Researchers from University of Texas at Austin (UTA) suggest that lesser-used CRISPR proteins, Cas12a would lead to safer and effective gene editing.
Researchers from The University of Texas at Austin identified an easy upgrade to CRISPR—a gene editing tool, by using Cas12a protein. Although Cas9 is the most popular enzyme currently used in CRISPR gene editing, it has less effectiveness and precision than one of the lesser-used CRISPR proteins, called Cas12a. Cas9 disrupts healthy functions in animals and plants as it often edits the wrong part of a plant’s or animal’s genome. CRISPR technology analyses human genes and genetically modify plants and animals however, the system often tends to target the wrong spot in a genome. Such errors could lead to emergence of new disorders in humans instead of providing a curing.
The research led by Isabel Strohkendl, a graduate student and professor Rick Russell from UTA, found that the protein Cas12a effectively binds to a genomic target as compared to Cas9. Each enzyme carries a short string of genetic code written in RNA and starts trying to bind to the DNA by forming base pairs when it bumps into some DNA. The enzyme starts the binding at one end and works its way along as it tests match of each letter on one side (the DNA) to the adjacent letter on the other side (the RNA).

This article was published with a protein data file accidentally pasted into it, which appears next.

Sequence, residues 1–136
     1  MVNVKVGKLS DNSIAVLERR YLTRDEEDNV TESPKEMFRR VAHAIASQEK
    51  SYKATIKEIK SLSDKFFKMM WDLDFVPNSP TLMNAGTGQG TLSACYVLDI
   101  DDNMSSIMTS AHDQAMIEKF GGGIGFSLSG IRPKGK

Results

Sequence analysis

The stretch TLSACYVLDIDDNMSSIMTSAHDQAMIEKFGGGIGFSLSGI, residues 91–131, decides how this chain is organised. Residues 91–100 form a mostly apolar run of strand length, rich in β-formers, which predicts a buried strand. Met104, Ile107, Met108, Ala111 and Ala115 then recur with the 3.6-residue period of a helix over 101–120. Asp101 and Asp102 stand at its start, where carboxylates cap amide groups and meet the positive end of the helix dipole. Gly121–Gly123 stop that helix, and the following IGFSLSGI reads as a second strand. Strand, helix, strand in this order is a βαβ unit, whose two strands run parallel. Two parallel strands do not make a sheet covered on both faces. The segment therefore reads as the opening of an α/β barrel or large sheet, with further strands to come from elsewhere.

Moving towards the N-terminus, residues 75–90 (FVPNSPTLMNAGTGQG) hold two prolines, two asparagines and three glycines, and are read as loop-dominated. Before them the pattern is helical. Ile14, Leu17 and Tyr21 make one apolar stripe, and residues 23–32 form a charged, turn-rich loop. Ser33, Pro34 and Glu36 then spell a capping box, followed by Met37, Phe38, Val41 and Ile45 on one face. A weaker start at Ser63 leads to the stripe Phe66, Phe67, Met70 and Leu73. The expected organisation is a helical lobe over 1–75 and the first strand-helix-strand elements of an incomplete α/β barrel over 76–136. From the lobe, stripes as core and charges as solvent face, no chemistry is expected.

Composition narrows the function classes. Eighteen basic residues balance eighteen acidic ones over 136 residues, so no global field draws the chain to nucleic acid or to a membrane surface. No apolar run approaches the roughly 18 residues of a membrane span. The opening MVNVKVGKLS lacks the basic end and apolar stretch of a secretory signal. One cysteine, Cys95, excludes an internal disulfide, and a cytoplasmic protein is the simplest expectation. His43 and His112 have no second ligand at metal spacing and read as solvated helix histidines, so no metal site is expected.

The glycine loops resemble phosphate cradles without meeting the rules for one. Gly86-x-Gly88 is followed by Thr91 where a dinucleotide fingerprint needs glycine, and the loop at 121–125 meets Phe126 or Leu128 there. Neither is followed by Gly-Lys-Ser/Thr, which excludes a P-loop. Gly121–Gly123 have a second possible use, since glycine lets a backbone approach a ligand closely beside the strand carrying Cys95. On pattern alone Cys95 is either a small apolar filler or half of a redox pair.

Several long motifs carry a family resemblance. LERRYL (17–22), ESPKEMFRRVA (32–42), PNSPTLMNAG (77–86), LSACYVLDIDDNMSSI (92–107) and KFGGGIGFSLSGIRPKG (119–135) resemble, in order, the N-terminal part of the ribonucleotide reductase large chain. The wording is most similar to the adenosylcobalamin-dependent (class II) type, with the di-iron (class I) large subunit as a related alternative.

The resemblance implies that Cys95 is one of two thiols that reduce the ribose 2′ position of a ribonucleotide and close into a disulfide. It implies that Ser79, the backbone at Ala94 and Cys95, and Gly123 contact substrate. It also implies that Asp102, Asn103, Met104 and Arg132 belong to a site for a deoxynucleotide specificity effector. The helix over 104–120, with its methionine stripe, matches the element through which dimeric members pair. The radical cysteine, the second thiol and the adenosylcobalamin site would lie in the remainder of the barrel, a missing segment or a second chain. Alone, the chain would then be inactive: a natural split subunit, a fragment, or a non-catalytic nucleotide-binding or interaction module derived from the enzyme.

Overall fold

Each base pair in Cas9 sticks together tightly and when the first few letters on each side match well, it strongly bounds to the DNA. Therefore, Cas9 pays less attention as the process goes on and concentrates on the first seven or eight letters in the genomic target. It overlooks a mismatch later in the process that would lead it to edit the wrong part of the genome. The bonds in Cas12a are relatively weak at each point along the way, owing to which it takes a good match all along the strip. This enables for the two sides to hold together long enough to make an edit and result in editing only the intended part of the genome. The research was published in the journal Molecular Cell on August 2, 2018.